The Low Dollar Escorts had an old roundy-round-dirt-track Ford Escort, and they decided to give this 24 Hours of LeMons thing a try. Unfortunately, the car wasn’t ready to pass the tech inspection until well after the race had begun, and then it suffered from a sequence of on-track failures that included brakes, fuel system, ignition, suspension, and just about everything else that can go wrong with a car.
The team managed to get just 12 race laps, but such was their dedication to fixing their troubled Ford that they received the Heroic Fix trophy for their efforts.
Howard’s Heroes brought their Ford Mustang for some racin’ action, but their very tired 5.0 just wouldn’t stop leaking, burning, and generally spewing oil. The car would get black-flagged for excessive smoke and leakage, the team would thrash on it for a while, and then it would get black-flagged again. This process repeated on a 30-minute cycle all weekend long, the rules-crazed judges wouldn’t allow Howard’s Heroes to install a totally sensible milk-jug-based blow-by recovery system, and the team’s drivers got to race a mere 158 oily, smoky laps. For this, they received the I Got Screwed trophy.
They could have used some help from Cooter.
When the Duff Beer 1981 Jet Electrica 007 (based on the Plymouth TC3) raced at the 2016 South Fall race at CMP, the team won the first-ever Index of Electrical Effluence trophy, for being the first LeMons EV that didn’t suck (prior to that, we had seen a gloriously terrible forklift-motor-powered Datsun Roadster). At the 2017 Southern Discomfort, the Duff Beer electric race car did so well that it earned the real Index of Effluency trophy, the top prize of LeMons racing.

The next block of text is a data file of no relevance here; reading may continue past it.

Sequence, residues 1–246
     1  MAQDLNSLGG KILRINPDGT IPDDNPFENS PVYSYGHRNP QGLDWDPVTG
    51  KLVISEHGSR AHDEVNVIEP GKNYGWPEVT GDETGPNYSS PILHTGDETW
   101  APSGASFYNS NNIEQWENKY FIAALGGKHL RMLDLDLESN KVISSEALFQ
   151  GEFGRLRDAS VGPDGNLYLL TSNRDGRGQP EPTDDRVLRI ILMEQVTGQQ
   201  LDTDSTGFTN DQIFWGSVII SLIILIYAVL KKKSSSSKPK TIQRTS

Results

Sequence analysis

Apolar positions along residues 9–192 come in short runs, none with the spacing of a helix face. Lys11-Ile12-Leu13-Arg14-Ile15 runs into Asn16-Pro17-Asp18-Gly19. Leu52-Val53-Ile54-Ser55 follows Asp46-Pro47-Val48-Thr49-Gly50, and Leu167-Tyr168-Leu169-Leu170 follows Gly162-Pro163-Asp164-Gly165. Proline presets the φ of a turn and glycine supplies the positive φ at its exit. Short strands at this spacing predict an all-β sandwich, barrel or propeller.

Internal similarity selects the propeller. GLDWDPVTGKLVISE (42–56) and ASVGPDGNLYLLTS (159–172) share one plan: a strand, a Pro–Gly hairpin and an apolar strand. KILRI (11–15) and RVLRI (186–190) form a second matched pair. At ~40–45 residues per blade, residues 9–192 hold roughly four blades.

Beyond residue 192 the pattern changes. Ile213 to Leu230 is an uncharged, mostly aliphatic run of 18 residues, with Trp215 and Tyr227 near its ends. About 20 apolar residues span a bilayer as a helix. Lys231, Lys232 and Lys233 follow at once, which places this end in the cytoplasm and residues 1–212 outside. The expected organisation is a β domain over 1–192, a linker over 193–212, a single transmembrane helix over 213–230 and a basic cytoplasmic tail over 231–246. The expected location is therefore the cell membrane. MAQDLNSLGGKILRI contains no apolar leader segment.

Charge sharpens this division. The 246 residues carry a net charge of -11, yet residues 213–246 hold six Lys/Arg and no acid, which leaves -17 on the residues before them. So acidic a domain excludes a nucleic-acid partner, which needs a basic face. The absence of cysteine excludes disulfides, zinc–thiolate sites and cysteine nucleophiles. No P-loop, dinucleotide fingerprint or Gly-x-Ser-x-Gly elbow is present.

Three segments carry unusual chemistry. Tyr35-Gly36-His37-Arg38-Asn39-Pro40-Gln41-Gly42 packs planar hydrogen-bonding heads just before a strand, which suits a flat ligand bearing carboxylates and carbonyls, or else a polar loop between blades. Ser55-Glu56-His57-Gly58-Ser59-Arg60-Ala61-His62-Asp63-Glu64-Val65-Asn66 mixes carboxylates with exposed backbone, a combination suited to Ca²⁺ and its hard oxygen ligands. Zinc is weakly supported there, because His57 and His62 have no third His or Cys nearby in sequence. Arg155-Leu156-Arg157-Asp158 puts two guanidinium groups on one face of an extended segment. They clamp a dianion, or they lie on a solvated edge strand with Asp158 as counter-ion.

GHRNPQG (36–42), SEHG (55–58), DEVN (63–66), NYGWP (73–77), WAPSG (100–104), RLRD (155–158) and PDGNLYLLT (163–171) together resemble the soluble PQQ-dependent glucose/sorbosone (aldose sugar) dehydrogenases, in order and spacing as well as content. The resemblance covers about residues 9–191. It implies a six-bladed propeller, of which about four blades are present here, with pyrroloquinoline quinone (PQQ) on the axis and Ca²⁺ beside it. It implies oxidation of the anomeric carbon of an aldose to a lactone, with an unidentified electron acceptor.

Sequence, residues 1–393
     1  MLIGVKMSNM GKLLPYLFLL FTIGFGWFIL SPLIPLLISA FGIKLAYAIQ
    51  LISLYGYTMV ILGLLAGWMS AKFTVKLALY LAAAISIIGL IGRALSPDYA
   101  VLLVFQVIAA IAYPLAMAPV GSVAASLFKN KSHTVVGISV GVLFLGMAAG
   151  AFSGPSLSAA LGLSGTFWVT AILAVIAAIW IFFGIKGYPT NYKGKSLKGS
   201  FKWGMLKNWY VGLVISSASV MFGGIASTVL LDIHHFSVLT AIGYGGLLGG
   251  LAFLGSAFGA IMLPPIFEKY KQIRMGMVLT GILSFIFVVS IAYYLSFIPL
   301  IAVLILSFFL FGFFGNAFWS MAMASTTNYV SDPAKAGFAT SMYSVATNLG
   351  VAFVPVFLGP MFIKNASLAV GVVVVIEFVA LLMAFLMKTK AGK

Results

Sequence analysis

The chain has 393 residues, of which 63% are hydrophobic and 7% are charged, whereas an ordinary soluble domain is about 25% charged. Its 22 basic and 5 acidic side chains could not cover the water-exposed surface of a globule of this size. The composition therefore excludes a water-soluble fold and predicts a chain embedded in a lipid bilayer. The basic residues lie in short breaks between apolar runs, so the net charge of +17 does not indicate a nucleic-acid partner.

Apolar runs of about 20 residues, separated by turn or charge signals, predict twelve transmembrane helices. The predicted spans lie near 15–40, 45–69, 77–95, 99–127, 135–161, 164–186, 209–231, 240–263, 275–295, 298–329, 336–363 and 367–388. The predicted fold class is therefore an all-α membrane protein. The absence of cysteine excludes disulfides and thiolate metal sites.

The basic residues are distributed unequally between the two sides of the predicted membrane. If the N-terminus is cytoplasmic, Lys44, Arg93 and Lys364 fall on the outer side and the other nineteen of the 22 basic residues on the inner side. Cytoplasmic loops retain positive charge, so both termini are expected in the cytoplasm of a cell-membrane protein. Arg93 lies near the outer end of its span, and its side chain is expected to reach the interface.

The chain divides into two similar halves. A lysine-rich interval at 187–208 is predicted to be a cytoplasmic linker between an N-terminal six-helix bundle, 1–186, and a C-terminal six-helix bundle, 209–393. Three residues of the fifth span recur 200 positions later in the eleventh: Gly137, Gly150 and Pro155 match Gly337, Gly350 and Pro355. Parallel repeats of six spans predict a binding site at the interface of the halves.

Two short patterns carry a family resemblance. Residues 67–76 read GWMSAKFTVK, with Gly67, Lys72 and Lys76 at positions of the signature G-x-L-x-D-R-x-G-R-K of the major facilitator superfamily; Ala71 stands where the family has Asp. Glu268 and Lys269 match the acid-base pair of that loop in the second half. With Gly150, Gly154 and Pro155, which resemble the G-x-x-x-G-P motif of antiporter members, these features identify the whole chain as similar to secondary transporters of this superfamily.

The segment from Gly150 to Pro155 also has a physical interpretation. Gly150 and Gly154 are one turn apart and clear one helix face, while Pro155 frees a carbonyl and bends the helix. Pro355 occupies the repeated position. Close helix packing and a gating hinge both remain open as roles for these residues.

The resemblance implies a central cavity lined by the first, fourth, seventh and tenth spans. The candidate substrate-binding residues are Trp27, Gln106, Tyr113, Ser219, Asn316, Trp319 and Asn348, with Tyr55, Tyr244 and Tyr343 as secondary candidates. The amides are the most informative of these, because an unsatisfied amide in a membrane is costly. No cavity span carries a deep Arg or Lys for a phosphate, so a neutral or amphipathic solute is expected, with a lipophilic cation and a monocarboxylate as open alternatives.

The LeMons Supreme Court offers a full exemption to the $500 budget limit for electric race cars (so go ahead and cage your Tesla Model S… but don’t come crying to us when a Buick Electra 225 suffers brake failure and wrecks it), and so the Duff Beer crew ran the Jet Electrica’s first race using three sets of 11 deep-cycle marine lead-acid batteries. Two sets of batteries would be charging at all times while the others were being discharged on one of the car’s seven-lap stints, and the batteries would get swapped out in a backbreaking ritual. Once the concept had been proven, the heavy old batteries got sold off and replaced by lots of modern Chevrolet Volt lithium-ion battery packs.
The Volt batteries debuted at the ‘Shine Country Classic race in Alabama, earlier this year, and the Duff crew discovered that their battery chargers— designed for the batteries used in Chinese crop-dusting drones— exploded and burst into flames under the racing duty cycle. So they redesigned the charging circuitry and commissioned the manufacture of some new chargers via a manufacturer on Alibaba.
This worked pretty well. The car would go out for ten reasonably quick laps (top speed of the Duff Jet Electrica is close to 100 mph now), then pit for a battery change. While perhaps not as quick as the futuristic stop-and-go battery-swapping technology envisioned by EV entrepreneurs, the Duffers were able to swap their battery packs in about 15 minutes.
The Duff car wasn’t the slowest car on the track (that honor went to the Wait, Where’s the Dirt S-10, which suffered engine failure after nine laps), and it racked up an astonishing 129 laps during the course of the weekend, finishing 51st out of 60 entries. With improvements in hardware and battery-change techniques, this car should be capable of contending for a Class C win in the near future. Congratulations, Duff Beer!